One very important thing is homesickness. After talking to a co-worker about our experiences in summer camp and Girl Scouts we both laughed at how silly it was that we got so terribly homesick while away. One particular moment I was rehashing was a trip to Michigan I took when I was twelve years old. I was having a wonderful time, making new friends and trying new things, but I missed my mama something fierce. I had been to sleepovers and such, but had never been away for more than a few days and here I was 1,200 or more miles from home and phone calls were definitely discouraged. About halfway through the first week I was faced with the very real and non - diminishing fear that I was NEVER going to get home to see my family.
Of course, looking back I see that is nonsense, but at the time I was certain that would be my fate. My mom had complete faith in me and never once mentioned that it might be hard for me to be away that long. Honestly, I am glad she did. Looking back I probably would have second guessed myself if she had given me the chance. The good news is it definitely made me stronger and now I can laugh at how scary it was at the time, but I persevered and gained a love of travelling that is still strong in me today. By the end of the week I was back to having fun and so glad that my parents didn’t give in to my request to be rescued immediately.
I do think it is important to be prepared in case it happens to your child though. Most of the camps Girl Scouts offer are only one week so it is probably not a problem. Here are a few pointers from someone who’s been there to ease some of the anxiety for longer stays away.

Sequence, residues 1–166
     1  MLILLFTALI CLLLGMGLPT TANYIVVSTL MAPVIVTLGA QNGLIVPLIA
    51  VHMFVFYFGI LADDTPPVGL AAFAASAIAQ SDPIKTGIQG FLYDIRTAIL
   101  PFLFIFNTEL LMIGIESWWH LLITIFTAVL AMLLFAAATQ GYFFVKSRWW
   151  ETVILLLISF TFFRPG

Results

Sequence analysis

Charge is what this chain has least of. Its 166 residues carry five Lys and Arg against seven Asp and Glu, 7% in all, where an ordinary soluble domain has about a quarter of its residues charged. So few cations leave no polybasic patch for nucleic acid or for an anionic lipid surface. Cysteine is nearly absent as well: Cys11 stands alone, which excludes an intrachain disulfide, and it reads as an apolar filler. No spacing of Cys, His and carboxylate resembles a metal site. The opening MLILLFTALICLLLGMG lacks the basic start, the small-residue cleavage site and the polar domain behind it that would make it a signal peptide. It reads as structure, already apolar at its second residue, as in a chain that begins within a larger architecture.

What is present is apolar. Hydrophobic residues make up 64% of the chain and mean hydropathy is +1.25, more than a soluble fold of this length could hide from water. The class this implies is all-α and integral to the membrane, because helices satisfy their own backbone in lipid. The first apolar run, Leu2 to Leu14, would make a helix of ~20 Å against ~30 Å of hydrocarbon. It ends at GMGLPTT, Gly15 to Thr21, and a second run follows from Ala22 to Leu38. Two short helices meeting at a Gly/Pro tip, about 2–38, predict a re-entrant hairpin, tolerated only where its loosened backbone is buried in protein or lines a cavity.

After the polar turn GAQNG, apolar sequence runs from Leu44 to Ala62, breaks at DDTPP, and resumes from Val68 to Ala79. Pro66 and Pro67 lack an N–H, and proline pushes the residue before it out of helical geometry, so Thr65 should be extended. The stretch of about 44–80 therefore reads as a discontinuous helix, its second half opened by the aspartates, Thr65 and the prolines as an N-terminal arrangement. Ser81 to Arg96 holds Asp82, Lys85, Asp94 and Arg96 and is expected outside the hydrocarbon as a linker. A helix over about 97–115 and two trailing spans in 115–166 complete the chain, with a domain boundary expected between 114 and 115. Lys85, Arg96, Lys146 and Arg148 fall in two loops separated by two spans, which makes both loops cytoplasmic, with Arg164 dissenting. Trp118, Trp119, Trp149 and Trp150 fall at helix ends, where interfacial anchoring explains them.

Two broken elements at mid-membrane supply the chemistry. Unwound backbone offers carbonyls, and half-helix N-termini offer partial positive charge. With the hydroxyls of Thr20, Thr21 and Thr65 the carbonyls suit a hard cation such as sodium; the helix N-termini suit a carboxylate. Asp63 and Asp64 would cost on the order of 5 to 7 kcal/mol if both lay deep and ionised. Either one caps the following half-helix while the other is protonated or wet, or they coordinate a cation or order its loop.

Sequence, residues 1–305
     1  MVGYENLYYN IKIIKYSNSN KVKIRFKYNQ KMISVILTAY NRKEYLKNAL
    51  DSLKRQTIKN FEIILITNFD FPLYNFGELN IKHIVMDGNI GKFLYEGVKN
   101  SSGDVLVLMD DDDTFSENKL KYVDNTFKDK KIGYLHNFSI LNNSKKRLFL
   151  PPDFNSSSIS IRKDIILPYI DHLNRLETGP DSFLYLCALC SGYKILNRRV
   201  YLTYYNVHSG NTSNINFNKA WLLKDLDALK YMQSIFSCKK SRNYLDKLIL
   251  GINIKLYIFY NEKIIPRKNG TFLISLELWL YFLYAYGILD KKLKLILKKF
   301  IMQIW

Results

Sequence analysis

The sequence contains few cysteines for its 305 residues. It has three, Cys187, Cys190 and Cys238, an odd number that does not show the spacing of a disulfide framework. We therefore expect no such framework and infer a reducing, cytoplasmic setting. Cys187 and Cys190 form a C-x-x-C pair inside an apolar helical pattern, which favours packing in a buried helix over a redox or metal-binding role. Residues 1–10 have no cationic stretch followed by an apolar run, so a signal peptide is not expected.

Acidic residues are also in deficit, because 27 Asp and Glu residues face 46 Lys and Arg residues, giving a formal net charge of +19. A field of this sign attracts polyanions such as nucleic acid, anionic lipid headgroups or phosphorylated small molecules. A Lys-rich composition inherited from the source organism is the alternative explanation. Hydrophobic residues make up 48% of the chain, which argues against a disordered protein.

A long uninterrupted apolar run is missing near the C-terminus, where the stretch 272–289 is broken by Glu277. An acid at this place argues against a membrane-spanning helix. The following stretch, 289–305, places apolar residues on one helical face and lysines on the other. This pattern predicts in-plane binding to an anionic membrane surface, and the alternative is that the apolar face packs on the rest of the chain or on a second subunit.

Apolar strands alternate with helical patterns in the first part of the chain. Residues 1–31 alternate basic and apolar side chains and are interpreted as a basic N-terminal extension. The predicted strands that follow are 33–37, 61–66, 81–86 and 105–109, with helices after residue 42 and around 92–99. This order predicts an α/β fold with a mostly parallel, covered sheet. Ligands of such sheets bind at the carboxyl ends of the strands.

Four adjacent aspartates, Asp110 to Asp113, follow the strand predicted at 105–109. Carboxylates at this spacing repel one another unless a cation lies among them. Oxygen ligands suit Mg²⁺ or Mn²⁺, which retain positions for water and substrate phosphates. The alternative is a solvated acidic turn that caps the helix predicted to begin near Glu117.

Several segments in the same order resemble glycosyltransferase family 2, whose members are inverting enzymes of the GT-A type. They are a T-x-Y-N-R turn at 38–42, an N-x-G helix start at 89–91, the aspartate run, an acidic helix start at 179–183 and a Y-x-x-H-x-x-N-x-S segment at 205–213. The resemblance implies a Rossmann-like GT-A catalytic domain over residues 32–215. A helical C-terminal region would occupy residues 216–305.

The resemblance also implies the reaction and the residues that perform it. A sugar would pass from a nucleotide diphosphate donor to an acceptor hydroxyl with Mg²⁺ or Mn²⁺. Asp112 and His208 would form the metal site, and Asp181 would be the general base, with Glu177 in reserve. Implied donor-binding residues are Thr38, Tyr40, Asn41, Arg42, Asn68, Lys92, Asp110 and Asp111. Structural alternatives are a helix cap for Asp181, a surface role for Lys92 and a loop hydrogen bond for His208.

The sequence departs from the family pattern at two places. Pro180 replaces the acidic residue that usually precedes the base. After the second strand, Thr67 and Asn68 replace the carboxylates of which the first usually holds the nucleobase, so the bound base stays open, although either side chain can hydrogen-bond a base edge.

· Believe in them. Just like my mom did for me, she knew I could do it even when I didn’t know. Extended trips away may seem daunting, but it is how we learn to be independent and grow.
· Send them with something familiar from home if you can (photos, favorite blanket or pillow, snacks specific to home).
· Write to your child if camp allows it. Most camps do and also discourage phone calls so, that is often the only form of communication. Remind her of all the mundane things that are happening and home and that what she is doing has got to be more exciting.
· Have siblings write to her. Although she may miss them just seeing their words in writing may remind how happy she was to be getting away from them.
· Don’t give in to pleas for rescue. These are typically written in the heat of the moment and then regretted. More than likely if there is a family fun day (visitation day) you will discover that she is in fact having the time of her life.
Happy Camping! -Erin